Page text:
The Calgary Police Service plans to have an independent workplace conflict advisor by the end of the year and a respectful workplace audit done by early 2019, as it tries to resolve its reported atmosphere of bullying, intimidation, and harassment.
A presentation was shown to the Calgary Police Commission Monday, outlining its timeline of recommendations.
Along with the hiring of the advisor and the audit, the plan includes opting into the City of Calgary’s whistleblower program and strengthening its Respectful Workplace Office, with some measures for that phase already underway.
Chief Roger Chaffin said after the presentation there’s a lot of work ahead.
“Lots has occurred, it just doesn’t necessarily happen as a light switch,” he said. “I would like things to go faster as well and out of impatience, I would like things to go faster, but they’re going in a responsible time frame at this point.”
The force has been under the microscope ever since a damning report was made public last year, alleging a toxic workplace culture for members, which has led to over a dozen current and former officers filing formal complaints.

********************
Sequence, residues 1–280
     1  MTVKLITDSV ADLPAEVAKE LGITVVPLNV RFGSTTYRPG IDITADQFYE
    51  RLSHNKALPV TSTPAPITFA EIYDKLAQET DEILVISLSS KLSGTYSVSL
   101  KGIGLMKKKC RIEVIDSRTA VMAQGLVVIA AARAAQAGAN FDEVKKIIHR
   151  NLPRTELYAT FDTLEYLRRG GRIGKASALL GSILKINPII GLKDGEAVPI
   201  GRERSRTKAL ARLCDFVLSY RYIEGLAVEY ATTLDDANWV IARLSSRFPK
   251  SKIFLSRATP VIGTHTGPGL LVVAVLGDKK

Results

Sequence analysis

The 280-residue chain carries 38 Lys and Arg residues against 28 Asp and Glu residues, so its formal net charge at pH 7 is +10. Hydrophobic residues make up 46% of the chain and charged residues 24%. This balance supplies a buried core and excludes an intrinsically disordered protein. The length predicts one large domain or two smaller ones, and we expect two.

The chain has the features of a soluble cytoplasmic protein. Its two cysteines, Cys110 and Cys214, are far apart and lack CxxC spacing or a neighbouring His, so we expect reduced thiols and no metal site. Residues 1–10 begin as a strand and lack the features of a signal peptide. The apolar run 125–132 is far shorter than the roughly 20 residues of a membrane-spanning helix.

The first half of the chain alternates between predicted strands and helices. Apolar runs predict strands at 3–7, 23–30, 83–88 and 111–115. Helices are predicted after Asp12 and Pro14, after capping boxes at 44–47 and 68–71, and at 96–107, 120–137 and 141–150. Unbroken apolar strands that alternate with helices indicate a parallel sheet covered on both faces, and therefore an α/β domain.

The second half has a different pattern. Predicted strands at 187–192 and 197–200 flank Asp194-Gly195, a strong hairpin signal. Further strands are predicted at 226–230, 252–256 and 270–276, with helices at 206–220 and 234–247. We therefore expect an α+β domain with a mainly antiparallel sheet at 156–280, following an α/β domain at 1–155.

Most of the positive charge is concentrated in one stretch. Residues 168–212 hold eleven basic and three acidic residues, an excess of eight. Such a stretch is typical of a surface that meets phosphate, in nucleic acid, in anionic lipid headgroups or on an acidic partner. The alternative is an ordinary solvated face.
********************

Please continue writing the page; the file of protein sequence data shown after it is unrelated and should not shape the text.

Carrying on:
Chaffin said one of the main reasons for the timeline was the completion of the current Kogawa Consulting review of HR policies, which finished early this month.
Other current work includes hiring a conflict resolution advisor and learning and organizational development positions, implementing work area training and finishing new office space at the Westwinds campus for the Respectful Workplace Office.
Chaffin said they’re also looking into getting more civilian members of the force in HR positions.
“Our history has always been to take sworn bodies and either promote them and put them into HR and help them learn on the job and work their way through it, I think though going forward that model has exhausted itself,” he said.” Those specific skill sets like IT and HR, need those specific skill sets there.”
Commission Co-Chair Lisa Silver said she feels hopeful about the plan.
“They’re doing it in a very reasoned way and I feel like that’s appropriate, but I still feel that we on the commission have a role to ensure that they’re doing it,” she said. “At least they’ve come to us today with a structure of what it could look like.”
While the wait is on for an independent advisor, CPS has already hired (Ret.) Chief Justice Neil Wittmann to review police-involved shootings.
“We weren’t reporting that in the open, we were doing several months of work to allow that to occur,” he said. “It’s a bit narrower a field when you’re looking at someone with that kind of skill set, so here we’ll be making sure we’re going to market fairly.”